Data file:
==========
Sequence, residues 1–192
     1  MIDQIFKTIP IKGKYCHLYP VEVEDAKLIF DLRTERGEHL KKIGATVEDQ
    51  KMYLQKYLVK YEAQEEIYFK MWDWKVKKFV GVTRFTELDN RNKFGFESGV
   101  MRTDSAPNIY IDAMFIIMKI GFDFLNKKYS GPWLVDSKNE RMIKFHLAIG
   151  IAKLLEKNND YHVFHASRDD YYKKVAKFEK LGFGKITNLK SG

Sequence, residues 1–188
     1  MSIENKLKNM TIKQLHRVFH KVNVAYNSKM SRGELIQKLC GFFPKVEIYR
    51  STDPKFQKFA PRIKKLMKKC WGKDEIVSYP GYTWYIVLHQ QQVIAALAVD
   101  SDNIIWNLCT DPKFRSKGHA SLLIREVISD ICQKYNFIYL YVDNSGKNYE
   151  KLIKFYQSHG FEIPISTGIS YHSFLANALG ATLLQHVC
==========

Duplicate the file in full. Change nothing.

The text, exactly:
Sequence, residues 1–192
     1  MIDQIFKTIP IKGKYCHLYP VEVEDAKLIF DLRTERGEHL KKIGATVEDQ
    51  KMYLQKYLVK YEAQEEIYFK MWDWKVKKFV GVTRFTELDN RNKFGFESGV
   101  MRTDSAPNIY IDAMFIIMKI GFDFLNKKYS GPWLVDSKNE RMIKFHLAIG
   151  IAKLLEKNND YHVFHASRDD YYKKVAKFEK LGFGKITNLK SG

Sequence, residues 1–188
     1  MSIENKLKNM TIKQLHRVFH KVNVAYNSKM SRGELIQKLC GFFPKVEIYR
    51  STDPKFQKFA PRIKKLMKKC WGKDEIVSYP GYTWYIVLHQ QQVIAALAVD
   101  SDNIIWNLCT DPKFRSKGHA SLLIREVISD ICQKYNFIYL YVDNSGKNYE
   151  KLIKFYQSHG FEIPISTGIS YHSFLANALG ATLLQHVC